CDC Symptom Diary Card

Thursday, February 25, 2010

Branching off on a new road

I am finally starting to feel a bit more energy, recovering slowly from 6 months of chemotherapy. Abdominal pain seems to be a chronic issue that I will now face every day for the rest of my life. Tomorrow my mother will join me with my sister to meet a new doctor that will address the new threats related to BRCA 1 mutation. I remain terrified and my sister, God Bless her, remains positive and strong.

A friend wrote to me to say that we are blessed to have received the testing and now we can at least have an opportunity to alter the predicted course of our lives. We have an opportunity to thwart off breast cancer. I am so grateful that we have this chance and at the same time am overwhelmed with what it means to actively thwart the threat of breast cancer. I don't want any more chemo. I don't want any more surgery. I don't want to have to do costly MRIs every 6 months, but what I want has no bearing on what may be needed.

I would give anything to save my sister from facing any of these decisions. I ask "why".

I kindof feel that of all the options, I'd rather have a prophylactic mastectomy than more chemo. But I can let go of my breasts because I'm still in the dark as to my overall life expectancy. I see my gynecology oncologist on March 18th. I won't have a clue as to my future until that day. If my ovarian cancer has shortened my overall life expectancy, than how important is it to address breast cancer anyway.

How important are my breasts? My family is more important to me. It is more important that because my sister does not currently have cancer, my brother does not have cancer, that they get the best possible consultation and land on the best possible path to prevent cancer. I am obviously depressed. It is so hard for me to comprehend a future for me. I can't see it right now, but I want to be here. I want to see my family every day and be a part of their lives.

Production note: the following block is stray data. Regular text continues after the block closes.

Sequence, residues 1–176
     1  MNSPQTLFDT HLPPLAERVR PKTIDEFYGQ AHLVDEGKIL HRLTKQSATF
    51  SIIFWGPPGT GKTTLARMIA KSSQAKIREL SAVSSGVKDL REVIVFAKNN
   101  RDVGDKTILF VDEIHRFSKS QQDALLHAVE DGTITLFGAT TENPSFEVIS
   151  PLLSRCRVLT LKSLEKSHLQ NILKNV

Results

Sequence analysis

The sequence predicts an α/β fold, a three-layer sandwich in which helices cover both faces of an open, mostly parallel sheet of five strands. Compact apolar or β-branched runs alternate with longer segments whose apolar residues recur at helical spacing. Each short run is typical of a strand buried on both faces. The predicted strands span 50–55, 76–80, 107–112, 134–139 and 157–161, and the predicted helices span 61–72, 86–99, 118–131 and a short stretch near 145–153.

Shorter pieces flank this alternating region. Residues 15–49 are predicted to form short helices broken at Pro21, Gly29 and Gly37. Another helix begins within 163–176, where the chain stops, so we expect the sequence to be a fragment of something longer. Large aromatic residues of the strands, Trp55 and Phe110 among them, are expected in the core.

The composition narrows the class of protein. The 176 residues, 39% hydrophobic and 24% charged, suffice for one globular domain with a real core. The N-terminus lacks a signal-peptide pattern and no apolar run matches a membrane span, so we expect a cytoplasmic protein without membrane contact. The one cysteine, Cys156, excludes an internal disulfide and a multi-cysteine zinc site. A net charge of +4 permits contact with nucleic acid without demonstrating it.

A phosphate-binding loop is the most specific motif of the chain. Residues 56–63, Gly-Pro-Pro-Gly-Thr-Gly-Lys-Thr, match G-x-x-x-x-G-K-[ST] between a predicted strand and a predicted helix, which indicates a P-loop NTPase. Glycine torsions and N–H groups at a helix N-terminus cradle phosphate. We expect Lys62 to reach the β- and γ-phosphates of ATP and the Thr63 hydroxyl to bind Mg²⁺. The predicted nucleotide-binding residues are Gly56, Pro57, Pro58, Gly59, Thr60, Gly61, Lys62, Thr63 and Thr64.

I just completed a form for the new breast cancer doctor that involves attitudes toward the threat of cancer. I think that this new doctor will hopefully prescribe an anti-depressant. I have historically been opposed to anti-depressants for me personally, but this is situational depression. I think that they will help me a little bit so that I can get through this new challenge. I don't want to stay on them.

These are my thoughts for today.

On a side note:
I am watching the health care summit on CNN and wondering why there's a debate. When will we elect officials who value life from womb to tomb? The extreme right wing is so hypocritical. I believe health care is a right and that we must move forward with reform, one way or another.

For 10 years I went without health insurance. And for several more years I paid over $300 per month for junk plans that really covered very little. Now I finally have good insurance and am fortunate to have insurance. Every human being deserves the opportunity to have medical treatment, period.

Tuesday, February 16, 2010

clouded celebration with BRCA 1 mutation

This Thursday I will receive what is supposed to be my last Taxol treatment. On the same day, my Uncle Rich will receive his final radiation treatment. I am very happy for Uncle Rich. I just wish I was not so depressed.